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Can We Talk About Humping?

Humans have several socially acceptable ways of greeting each other… a smile, a handshake, a hug. You definitely would not be invited back if you did what many dogs do as part of social interactions. Yes, we’re talking about humping.

 Both male and female dogs hump other dogs, pillows, toys, legs. For young, and un-neutered or un-spayed dogs, they may hump because they are feeling randy. But, most of the time, humping isn’t about sex.

Mounting another dog is often an attempt to engage socially and/or establish dominance. It can be a dog’s way of saying, “I want to be your friend, but you need to respect me.” You’ll often see one dog mount another, then a few minutes later they’ll switch off and the other dog will mount the first dog. It’s a common, and normal play gesture. Dogs play-hump other dogs to engage in socialization and to challenge the other with a chase, wrestle, or other play expressions.

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When a dog gets overly excited about something, including playtime itself, they will behave in an exuberant way. This includes the zoomies, sprinting at top speed, jumping, high-pitched barking, and humping, which can be fun and infectious. If it leads to potential knee surgery levels (for people in the way), you can work on teaching control and reducing humping upon request.

Humping can also be a symptom of anxiety in dogs, and when not redirected to another activity, it can become a chronic form of self-soothing or relieving stress. Stress-induced humping can lead to compulsive behaviors, which can be troublesome to both owner and dog.

If your pet is suddenly humping more, or has never expressed the behavior until recently, it may be a health problem. Coupled with licking, scratching, and scooting, your pet’s humping may be a result of blocked anal glands or an underlying illness like a urinary tract infection. 

So yes, humping, as a rule, is normal, natural behavior among canines. It’s a problem if your pet is engaging in it often and in public with every dog who passes them by. To remedy the situation, helping your dog to stop being “that dog”, you will want to visit your vet first to rule out a medical condition. It goes without saying that spaying and neutering is the best way to deter humping behavior.

activedog

If everything checks out at the vet, and your dog is spayed/neutered, there are ways to work on correcting this behavior. Minimize stress and identify anxiety triggers if you suspect that is what starts your dog humping. You can also find a distraction to redirect the energy and reward them for participating in the new activity. Appropriate socialization is key- which means teaching your pup to interact with other dogs in a less-embarrassing way (for you, not your dog). Also, increase exercise, attention, and activity to make sure he has other things on his mind.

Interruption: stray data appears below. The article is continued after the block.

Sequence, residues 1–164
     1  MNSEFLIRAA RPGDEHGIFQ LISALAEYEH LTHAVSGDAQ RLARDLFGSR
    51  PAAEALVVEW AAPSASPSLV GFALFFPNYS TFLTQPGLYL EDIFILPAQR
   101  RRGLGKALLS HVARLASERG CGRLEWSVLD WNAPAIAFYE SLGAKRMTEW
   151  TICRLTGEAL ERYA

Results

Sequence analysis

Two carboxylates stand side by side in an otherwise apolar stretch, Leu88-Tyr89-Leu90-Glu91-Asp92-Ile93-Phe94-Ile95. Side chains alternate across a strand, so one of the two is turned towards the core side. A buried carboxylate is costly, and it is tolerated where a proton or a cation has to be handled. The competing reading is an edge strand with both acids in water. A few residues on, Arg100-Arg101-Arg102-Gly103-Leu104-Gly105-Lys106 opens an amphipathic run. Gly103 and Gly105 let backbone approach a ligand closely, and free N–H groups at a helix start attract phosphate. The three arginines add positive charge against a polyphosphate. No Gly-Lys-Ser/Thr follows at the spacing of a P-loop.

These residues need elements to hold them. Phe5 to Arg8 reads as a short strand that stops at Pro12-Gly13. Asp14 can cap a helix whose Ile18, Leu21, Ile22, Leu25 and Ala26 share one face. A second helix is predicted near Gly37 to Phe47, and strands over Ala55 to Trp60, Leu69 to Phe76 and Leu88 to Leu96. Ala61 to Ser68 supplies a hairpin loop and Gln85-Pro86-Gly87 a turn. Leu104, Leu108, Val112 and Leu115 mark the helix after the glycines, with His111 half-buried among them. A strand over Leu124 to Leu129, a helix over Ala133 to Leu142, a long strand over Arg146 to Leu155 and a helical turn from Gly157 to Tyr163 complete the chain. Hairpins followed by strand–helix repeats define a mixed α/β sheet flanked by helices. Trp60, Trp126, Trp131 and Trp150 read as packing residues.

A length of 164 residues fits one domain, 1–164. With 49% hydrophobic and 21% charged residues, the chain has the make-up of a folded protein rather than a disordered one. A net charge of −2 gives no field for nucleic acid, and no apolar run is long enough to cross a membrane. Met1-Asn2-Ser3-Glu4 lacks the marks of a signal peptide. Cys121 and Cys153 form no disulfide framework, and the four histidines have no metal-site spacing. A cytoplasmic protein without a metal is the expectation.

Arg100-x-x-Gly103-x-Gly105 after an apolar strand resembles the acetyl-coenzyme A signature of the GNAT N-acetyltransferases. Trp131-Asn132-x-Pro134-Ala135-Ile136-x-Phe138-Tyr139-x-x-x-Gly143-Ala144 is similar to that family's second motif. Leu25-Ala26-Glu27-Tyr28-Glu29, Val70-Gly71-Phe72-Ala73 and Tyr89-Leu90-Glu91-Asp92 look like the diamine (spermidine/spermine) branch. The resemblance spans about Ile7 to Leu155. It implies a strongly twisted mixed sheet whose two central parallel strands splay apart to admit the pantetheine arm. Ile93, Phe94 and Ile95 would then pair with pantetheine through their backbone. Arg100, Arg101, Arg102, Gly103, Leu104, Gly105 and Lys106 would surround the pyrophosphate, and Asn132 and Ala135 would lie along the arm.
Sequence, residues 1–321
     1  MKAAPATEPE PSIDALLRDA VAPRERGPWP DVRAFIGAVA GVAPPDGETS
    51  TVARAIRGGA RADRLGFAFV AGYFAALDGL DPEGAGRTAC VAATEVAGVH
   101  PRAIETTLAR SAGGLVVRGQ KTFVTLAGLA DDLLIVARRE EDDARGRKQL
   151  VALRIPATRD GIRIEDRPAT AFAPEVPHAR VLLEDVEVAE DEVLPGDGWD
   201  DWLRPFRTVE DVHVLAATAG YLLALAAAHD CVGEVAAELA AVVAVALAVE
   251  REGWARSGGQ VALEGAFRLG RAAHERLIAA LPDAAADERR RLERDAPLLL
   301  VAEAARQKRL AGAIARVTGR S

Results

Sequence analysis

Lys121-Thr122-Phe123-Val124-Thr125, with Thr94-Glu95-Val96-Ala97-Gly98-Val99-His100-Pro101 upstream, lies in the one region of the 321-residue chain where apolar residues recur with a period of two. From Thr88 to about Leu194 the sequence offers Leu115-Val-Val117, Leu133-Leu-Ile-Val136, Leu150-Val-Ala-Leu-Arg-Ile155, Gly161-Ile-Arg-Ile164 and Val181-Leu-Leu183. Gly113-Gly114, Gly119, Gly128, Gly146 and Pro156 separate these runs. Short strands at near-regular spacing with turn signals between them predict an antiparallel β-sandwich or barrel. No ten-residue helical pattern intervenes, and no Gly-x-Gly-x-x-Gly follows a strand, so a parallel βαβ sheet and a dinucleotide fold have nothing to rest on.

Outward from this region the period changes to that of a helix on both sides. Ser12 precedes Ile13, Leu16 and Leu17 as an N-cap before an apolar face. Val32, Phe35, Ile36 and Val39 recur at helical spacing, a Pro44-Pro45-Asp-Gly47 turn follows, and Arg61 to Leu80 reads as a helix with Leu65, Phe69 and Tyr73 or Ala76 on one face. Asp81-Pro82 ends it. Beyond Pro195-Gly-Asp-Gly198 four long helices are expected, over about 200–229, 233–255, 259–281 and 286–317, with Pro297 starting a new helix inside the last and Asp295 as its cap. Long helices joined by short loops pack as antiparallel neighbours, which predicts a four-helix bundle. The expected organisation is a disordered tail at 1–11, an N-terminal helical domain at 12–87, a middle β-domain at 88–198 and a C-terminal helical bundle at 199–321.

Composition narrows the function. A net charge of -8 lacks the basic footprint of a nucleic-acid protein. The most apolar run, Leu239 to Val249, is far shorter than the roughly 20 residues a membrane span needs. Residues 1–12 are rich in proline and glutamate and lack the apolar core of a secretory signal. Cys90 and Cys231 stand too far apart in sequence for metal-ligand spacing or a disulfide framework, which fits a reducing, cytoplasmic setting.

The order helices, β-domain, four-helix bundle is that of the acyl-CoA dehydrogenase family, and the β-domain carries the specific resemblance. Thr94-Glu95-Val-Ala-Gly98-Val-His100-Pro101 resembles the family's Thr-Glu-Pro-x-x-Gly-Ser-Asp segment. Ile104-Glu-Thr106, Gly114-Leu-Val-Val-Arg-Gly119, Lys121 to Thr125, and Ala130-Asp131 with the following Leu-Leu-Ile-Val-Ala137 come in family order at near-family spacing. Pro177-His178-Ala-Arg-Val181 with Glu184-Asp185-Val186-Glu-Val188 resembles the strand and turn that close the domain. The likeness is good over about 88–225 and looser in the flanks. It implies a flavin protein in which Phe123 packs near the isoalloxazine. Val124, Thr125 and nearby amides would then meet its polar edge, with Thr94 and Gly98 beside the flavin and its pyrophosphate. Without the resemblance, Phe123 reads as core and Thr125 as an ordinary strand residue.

Although it will not likely go away completely, with training, humping can be for camels more than your dog.

 

 

bubba

I’m Bubba, and I’m a year and a half old. I’m a Great Dane, so I’m very much a big boy. I’m not the most graceful dog, but I know I’ll get better as I get older. I love to take naps in the sun, go hiking, and play in water. I’m learning how to play fetch, and would love a family to practice with me. 

Second Chance Humane Society’s Animal Resource Center and Thrift Shops have been servicing San Miguel, Ouray & Montrose Counties for 28 years. Call 626-2273 to report a lost pet, learn about adopting a homeless pet, or about our Emergency Response, Community Medical, Spay/Neuter, Volunteer, or other services. View our shelter pets and services online: www.adoptmountainpets.org.

Second Chance Humane Society Animal Resource Center and Thrift Shops service San Miguel, Ouray and Montrose counties. Call the SCHS Helpline at 970-626-2273 to report a lost pet or to learn about adopting a homeless pet and the SCHS spay/neuter, volunteer, feral cat or other programs. View our shelter pets and services at adoptmountainpets.org.

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